Star Trek IV: The Voyage Home [Blu-Ray]
Screenplay : Steve Meerson and Peter Krikes and Harve Bennett & Nicolas Meyer (story by Leonard Nimoy & Harve Bennett)
MPAA Rating : PG
Year of Release : 1986
Stars : William Shatner (Capt. James T. Kirk), Leonard Nimoy (Capt. Spock), DeForest Kelley (Lt. Cmdr. Leonard H. “Bones” McCoy), James Doohan (Capt. Montgomery “Scotty” Scott), George Takei (Cmdr. Hikaru Sulu), Walter Koenig (Cmdr. Pavel Chekov), Nichelle Nichols (Cmdr. Uhura), Mark Lenard (Ambassador Sarek), Catherine Hicks (Dr. Gillian Taylor)
Star Trek IV: The Voyage Home established a completely new tone in the film franchise that began in 1979 with Robert Wise’s stately, cerebral Star Trek: The Motion Picture and was followed by 1982’s violently operatic Star Trek II: The Wrath of Khan and 1984’s solemn and somewhat dull Star Trek III: The Search for Spock. The Voyage Home made its mark with a light and comedic tone, and also by returning to Gene Roddenberry’s liberal-hearted conception of the original TV show, which was less about fighting individual villains than it was about enlightening us about homegrown social wrongs.
The Voyage Home picks up right where Part III left off. Having literally brought Spock (Leonard Nimoy) back to life and directly disobeying Federation orders in the process, the crew of the Starship Enterprise (which, as we remember, was destroyed at the end of the previous film) are on the planet Vulcan with a hijacked Klingon vessel. Meanwhile, a mysterious alien probe begins pounding the planet Earth with signals that no one can decipher and that are destroying the planet. Spock determines that the sounds the alien probe is making can only be answered by humpback whales, which have been extinct since the early 21st century.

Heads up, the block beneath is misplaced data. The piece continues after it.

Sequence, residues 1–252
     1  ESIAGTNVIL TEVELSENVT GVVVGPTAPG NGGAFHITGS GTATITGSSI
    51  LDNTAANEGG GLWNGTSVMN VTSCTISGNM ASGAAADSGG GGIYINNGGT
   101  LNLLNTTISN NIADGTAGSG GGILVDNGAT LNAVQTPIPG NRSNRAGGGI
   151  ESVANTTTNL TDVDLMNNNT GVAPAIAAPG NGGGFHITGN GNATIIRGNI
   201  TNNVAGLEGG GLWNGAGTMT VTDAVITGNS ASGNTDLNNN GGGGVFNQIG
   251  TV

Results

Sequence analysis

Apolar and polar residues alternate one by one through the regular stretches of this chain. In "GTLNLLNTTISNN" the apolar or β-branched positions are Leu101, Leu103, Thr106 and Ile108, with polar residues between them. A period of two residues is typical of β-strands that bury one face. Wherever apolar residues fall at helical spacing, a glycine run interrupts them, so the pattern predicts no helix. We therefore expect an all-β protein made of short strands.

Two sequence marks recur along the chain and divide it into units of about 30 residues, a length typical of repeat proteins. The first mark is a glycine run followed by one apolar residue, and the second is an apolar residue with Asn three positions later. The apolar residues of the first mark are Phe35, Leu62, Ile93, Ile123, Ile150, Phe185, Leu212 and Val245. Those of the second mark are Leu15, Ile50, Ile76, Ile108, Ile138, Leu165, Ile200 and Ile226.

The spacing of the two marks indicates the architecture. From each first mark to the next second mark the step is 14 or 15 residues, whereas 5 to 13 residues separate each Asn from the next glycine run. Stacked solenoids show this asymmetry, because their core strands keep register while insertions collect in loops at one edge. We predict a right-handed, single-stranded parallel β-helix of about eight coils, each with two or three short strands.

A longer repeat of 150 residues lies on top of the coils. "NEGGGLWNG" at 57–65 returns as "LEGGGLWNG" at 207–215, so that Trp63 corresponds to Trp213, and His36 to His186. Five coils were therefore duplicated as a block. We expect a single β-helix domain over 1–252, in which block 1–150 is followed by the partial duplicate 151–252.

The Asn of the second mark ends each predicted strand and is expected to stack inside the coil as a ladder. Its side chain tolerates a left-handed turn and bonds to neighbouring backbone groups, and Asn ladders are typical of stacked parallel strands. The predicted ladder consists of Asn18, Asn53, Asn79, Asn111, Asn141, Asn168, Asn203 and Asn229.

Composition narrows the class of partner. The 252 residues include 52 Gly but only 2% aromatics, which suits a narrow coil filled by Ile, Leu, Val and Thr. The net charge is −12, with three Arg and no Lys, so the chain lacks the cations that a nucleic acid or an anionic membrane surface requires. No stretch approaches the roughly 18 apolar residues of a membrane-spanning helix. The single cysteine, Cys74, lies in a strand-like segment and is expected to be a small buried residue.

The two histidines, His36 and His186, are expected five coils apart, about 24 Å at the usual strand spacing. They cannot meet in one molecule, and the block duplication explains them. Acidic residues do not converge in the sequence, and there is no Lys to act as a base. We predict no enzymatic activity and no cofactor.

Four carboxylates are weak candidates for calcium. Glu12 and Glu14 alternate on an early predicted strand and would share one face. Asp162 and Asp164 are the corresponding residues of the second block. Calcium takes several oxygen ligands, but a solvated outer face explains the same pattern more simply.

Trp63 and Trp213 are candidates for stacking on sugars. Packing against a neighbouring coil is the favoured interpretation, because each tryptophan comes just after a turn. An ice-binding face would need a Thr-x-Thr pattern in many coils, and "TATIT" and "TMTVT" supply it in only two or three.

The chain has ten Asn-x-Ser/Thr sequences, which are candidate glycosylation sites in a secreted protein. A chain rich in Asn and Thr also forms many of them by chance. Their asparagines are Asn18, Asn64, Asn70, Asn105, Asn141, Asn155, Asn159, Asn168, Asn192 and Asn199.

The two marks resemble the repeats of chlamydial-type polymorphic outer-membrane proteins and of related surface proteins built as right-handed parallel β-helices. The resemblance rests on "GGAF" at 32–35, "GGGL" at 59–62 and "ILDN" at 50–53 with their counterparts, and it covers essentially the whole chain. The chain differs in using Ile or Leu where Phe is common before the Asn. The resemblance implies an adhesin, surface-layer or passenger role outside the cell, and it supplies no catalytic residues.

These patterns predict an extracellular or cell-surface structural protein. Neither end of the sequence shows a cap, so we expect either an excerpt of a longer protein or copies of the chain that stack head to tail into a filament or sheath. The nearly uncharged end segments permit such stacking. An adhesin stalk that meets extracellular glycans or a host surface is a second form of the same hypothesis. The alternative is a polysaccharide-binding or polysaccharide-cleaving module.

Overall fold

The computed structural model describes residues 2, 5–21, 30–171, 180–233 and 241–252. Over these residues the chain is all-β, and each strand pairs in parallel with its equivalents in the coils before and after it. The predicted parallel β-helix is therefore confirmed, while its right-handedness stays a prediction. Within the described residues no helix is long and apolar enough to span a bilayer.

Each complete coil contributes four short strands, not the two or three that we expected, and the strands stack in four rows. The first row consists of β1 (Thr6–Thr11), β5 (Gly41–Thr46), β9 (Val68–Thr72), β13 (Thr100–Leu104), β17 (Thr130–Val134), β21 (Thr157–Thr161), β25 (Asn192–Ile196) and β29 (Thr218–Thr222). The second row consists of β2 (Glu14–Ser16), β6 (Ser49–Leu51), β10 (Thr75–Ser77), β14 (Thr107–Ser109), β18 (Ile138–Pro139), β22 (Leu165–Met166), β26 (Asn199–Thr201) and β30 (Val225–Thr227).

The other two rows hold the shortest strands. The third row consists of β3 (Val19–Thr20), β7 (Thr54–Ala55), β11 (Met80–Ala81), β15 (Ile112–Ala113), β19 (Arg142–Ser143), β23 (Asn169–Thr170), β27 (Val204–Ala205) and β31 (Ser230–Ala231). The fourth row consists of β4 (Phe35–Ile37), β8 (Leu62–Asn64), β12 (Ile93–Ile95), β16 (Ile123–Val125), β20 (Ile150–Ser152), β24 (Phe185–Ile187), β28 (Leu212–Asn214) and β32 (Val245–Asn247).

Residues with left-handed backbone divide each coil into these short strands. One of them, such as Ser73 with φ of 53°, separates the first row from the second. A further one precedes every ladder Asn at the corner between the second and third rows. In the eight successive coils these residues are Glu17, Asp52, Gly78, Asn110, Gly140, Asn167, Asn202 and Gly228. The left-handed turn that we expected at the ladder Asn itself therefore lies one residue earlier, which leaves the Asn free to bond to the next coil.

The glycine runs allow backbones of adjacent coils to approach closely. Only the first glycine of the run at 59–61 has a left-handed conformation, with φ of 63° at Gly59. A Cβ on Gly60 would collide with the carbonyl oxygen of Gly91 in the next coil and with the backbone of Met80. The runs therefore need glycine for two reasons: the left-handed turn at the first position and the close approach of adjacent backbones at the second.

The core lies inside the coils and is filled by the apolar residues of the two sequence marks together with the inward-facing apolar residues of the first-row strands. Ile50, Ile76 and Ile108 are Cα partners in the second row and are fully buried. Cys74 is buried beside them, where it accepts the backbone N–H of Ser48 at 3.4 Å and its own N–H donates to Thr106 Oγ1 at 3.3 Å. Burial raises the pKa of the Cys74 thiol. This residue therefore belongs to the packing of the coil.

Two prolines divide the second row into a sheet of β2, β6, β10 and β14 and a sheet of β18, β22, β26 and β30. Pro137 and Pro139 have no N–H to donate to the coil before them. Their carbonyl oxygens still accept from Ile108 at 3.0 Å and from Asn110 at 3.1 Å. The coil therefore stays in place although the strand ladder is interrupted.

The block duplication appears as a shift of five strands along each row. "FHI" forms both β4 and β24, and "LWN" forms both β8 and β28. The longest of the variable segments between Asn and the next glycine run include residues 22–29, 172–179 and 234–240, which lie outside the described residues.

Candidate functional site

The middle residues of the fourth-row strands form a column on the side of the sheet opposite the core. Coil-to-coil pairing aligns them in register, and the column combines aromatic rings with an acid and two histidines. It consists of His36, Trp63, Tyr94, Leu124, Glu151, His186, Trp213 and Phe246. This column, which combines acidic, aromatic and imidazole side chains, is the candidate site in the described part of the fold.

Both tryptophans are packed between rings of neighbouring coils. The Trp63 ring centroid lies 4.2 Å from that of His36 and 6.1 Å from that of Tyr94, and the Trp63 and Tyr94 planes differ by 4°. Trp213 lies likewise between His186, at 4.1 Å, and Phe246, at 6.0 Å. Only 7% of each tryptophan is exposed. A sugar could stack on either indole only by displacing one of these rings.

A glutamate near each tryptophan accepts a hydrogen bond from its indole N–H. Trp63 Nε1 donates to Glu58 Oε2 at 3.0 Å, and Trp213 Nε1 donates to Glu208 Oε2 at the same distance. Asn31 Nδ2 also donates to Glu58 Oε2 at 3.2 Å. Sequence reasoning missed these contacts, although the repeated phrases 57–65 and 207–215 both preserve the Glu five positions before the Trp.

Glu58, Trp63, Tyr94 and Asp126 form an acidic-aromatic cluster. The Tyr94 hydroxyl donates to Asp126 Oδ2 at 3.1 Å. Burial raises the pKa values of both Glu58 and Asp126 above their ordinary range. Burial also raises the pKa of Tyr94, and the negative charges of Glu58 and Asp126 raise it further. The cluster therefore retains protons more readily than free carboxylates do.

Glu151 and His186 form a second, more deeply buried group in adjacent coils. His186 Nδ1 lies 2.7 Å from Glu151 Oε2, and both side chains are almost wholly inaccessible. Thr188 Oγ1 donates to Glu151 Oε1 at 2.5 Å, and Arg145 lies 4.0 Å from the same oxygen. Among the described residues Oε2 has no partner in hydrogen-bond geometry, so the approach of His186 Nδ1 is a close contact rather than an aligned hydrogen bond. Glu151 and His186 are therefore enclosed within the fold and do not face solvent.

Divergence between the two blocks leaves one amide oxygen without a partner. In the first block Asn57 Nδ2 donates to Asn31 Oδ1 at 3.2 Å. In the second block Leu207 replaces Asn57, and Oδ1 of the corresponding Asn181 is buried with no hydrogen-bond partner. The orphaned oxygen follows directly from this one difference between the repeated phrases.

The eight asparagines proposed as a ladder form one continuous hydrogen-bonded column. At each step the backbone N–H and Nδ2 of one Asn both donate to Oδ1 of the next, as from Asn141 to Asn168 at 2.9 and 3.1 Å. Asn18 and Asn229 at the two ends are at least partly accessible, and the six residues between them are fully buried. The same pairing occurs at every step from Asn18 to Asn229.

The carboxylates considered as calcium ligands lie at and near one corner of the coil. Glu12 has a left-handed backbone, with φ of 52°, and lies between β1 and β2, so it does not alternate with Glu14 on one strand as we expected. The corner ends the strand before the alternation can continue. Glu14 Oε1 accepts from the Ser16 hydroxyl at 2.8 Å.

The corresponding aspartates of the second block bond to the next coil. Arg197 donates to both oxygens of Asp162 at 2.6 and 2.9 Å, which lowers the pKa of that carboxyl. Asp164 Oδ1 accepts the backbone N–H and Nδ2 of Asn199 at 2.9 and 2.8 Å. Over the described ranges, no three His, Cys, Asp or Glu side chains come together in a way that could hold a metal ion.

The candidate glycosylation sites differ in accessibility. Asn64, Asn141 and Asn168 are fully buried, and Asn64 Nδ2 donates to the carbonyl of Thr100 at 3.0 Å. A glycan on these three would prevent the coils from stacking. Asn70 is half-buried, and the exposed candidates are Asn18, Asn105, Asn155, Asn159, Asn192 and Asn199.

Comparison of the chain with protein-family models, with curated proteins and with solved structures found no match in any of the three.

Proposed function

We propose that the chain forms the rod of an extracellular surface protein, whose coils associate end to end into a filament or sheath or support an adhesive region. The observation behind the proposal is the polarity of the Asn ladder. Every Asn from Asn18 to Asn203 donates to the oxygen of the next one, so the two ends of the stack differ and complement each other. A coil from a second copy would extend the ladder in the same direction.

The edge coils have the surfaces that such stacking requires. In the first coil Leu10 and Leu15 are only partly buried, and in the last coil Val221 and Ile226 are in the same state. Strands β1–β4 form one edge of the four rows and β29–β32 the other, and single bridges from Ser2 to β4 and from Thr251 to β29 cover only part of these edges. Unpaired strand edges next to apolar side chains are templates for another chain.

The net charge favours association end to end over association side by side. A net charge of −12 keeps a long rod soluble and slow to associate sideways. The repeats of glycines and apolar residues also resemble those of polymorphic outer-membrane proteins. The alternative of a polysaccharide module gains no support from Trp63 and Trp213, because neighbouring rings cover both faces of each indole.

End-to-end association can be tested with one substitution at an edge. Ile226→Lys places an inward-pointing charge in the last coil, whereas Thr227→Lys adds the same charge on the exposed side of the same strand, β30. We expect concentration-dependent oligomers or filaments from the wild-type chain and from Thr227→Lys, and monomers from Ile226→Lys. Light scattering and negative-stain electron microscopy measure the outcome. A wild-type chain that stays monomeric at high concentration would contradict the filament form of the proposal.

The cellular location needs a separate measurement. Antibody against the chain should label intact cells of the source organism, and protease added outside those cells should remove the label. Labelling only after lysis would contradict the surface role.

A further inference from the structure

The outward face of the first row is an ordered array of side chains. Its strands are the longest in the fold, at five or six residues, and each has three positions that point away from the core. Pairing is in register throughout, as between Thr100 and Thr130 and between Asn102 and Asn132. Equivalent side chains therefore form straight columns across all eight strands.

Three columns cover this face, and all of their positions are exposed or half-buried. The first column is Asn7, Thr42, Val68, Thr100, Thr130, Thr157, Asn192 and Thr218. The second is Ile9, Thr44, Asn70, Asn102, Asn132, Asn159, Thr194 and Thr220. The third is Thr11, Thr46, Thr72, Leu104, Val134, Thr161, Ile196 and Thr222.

So, the only way to save Earth is to go back in time to the latter part of the 20th century, beam aboard a couple of humpback whales, return to the 23rd century, and deposit them in Earth’s oceans where they will hopefully respond to the alien probe and cause it to stop destroying the planet with its attempts at communication. Having just written that brief synopsis, I realize just how patently ridiculous it looks on paper, so it may be one of the film’s primary triumphs that this labored set-up actually works on-screen.
Of course, all the business with the alien probe is just that: a set-up. It doesn’t really matter what it is or what it wants. It is, in Alfred Hitchcock’s terms, a “macguffin,” that plot device that sets the narrative in motion, but it is ultimately unimportant. The primary plot element here is sending the well-known Star Trek crew back in time to deal with, to use Capt. James T. Kirk’s (William Shatner) phrase, the “primitive and paranoid culture” of the United States circa 1986.